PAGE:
Eryn Slagle, a senior at the University of Minnesota, assisted in the writing of this article. When starting and operating a small business, it’s important to adopt best practices that will help make your business successful, profitable, and to avoid conflict and disputes. In today’s article, we will cover Best Practices #1-6, and in a later article, we will cover Best Practices #7-12.
Best Practice #1 – One of the most important steps when starting a business is to form a limited liability entity, such as a corporation or limited liability company (LLC). By doing so, you create a liability shield between you and the potential liabilities that may arise in the operation of your business. It’s the best way to protect yourself, your family, and your personal assets. A limited liability entity must be registered with the Minnesota Secretary of State, and to maintain and keep the entity in good standing, you must file annual renewals. It’s also very important to complete annual meeting minutes, segregate financial accounts, and maintain other company records.
Best Practice #2 – Avoiding disputes with your business partners is essential to keeping your business running smoothly now and into the future. A great way to help avoid disputes is to put written agreements in place that define and describe your business relationship with each other. Agreements among business partners should address contributions, ownership percentages, how profits and losses are shared, and the allocation of roles and responsibilities. Putting in place buy/sell terms is also important in the event something happens to one of the business partners that puts the ownership of the business at risk.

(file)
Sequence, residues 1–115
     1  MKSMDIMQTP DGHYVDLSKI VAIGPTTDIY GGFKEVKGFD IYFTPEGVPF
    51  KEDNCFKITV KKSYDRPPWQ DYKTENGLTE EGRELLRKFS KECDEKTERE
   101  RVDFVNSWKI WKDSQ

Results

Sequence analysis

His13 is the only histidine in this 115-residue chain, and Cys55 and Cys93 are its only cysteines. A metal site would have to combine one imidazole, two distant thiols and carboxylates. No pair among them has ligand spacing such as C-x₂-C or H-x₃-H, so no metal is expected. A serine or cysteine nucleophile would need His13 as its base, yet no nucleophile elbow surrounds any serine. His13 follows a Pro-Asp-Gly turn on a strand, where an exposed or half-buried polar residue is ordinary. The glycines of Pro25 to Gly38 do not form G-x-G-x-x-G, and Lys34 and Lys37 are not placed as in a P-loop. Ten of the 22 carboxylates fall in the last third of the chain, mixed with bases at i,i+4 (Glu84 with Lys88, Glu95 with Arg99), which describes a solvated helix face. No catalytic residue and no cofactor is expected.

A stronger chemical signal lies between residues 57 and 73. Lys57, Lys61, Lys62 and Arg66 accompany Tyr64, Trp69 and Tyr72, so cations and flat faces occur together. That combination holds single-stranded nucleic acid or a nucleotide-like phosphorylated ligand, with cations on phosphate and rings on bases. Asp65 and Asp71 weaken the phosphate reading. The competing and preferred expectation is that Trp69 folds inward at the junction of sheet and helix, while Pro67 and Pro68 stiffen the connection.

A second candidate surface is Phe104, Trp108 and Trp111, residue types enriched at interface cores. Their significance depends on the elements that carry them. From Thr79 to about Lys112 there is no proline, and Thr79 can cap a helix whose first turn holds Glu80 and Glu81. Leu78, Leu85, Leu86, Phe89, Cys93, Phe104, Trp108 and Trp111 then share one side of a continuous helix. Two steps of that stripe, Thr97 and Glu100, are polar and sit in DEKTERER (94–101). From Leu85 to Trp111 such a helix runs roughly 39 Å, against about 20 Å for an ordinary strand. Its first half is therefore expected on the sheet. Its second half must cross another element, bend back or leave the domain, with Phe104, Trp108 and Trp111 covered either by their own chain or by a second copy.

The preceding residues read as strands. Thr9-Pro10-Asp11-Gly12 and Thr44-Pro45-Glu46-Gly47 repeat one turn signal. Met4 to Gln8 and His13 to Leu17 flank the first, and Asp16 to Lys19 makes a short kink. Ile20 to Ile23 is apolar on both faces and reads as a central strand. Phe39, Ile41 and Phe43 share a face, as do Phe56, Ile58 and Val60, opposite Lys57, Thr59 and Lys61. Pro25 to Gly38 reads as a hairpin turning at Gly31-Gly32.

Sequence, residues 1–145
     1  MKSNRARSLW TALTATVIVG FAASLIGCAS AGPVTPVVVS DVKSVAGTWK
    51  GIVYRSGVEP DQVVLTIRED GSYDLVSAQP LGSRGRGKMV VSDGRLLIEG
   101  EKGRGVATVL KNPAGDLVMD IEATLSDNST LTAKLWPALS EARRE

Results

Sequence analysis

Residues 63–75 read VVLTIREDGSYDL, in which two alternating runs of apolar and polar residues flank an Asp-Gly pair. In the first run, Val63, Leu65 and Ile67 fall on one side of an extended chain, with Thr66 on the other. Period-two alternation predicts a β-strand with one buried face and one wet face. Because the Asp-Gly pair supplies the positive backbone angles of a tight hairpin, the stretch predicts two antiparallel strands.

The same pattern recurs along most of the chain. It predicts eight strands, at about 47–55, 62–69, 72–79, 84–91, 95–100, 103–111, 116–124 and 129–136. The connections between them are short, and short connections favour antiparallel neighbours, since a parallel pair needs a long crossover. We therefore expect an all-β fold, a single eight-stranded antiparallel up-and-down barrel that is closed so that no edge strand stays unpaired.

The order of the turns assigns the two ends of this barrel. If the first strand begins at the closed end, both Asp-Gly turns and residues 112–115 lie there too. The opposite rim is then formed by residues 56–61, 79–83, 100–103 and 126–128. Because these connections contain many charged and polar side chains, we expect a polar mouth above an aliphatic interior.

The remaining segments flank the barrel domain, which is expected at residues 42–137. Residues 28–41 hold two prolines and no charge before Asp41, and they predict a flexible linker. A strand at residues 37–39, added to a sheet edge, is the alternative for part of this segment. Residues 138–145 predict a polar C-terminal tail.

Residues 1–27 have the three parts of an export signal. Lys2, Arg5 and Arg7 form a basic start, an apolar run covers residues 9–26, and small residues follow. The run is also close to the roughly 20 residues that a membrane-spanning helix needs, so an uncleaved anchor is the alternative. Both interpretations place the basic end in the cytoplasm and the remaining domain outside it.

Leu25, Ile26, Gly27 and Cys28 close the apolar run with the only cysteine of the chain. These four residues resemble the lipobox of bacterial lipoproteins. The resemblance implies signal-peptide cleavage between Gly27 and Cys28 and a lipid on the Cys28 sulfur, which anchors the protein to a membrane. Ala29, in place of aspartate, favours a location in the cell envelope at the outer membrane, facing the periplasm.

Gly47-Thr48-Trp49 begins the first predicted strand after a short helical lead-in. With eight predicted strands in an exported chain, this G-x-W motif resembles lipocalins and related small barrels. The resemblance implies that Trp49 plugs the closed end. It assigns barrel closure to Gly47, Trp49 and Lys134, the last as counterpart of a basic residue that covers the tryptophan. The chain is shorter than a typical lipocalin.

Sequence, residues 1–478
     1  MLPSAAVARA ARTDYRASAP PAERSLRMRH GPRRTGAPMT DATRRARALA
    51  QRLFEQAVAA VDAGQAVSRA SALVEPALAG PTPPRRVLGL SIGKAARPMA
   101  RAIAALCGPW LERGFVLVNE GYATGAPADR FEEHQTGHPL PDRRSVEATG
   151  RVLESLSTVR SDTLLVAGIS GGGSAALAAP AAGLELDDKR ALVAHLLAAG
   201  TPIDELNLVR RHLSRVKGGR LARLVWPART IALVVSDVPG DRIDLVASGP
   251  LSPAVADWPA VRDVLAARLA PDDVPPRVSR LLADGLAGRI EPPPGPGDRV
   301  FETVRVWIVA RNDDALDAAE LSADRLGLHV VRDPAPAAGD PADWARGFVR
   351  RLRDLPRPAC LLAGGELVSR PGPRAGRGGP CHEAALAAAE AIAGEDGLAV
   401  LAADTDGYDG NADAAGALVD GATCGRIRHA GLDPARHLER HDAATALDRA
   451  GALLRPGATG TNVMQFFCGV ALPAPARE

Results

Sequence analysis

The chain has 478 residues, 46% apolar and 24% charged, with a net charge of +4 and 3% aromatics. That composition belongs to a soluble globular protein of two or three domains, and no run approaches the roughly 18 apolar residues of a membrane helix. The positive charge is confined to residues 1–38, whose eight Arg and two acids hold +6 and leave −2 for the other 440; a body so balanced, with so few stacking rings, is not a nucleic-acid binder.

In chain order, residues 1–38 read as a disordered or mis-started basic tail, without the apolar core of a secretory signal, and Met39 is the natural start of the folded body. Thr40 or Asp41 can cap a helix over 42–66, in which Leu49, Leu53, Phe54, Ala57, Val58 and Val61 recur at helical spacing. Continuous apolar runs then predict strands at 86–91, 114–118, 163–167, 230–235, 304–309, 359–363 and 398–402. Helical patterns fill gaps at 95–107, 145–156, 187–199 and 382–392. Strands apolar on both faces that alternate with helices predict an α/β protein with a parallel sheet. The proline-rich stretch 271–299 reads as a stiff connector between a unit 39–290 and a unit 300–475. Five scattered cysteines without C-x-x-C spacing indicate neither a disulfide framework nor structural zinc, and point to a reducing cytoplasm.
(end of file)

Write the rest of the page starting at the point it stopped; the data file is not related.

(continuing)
Best Practice #3 – Using a standard agreement with your customers and clients is a good way to prevent disputes. Such an agreement should set expectations with customers, establish price and terms, scope of work, timelines, create an enforceable contract, preserve remedies such as mechanic’s liens, limit remedies, and put a cap on potential liability.
Best Practice #4- Employment disputes can be headed off by developing clear company policies on hiring, benefits, PTO, termination, and other HR matters. These policies can be outlined in an employee handbook, and managers should be trained on how to follow these policies in a fair and consistent manner.
Best Practice #5 – Preventing threats to profitability is important, and developing internal controls as a best practice will help protect the finances of the business. A business should develop standard billing, A/R, A/P, payroll, and other bookkeeping practices. A business should have its own bank account. Business and personal funds should never be co-mingled. It’s also important to build in checks and balances as a way to review the financials on a regular basis, and these include reviewing bank statements, credit card statements, separating duties between employees and the owner, and also having a formal audit completed by your CPA or tax advisor.
Best Practice #6 – Adequate and appropriate insurance coverage is very important to protecting your business. You should have a good, working relationship with your insurance agent, so have someone to go to with questions or concerns. When considering coverages, think through what your biggest risks are, and make sure you have coverage for those risks. It’s also smart to complete an insurance review every year to assess what your current needs are, make sure you have coverage, and to gain a better understanding of the policies you have in place.
We hope these Best Practices #1-6, as part of our ‘Top 12 Best Practices’ series, help you build a foundation for your small business. Remember to look for a future article covering Best Practices #7-12. In the meantime, if you have questions or seek additional information about small business best practices, please consult your business law attorney, tax advisor, lender, financial advisor, or insurance agent.
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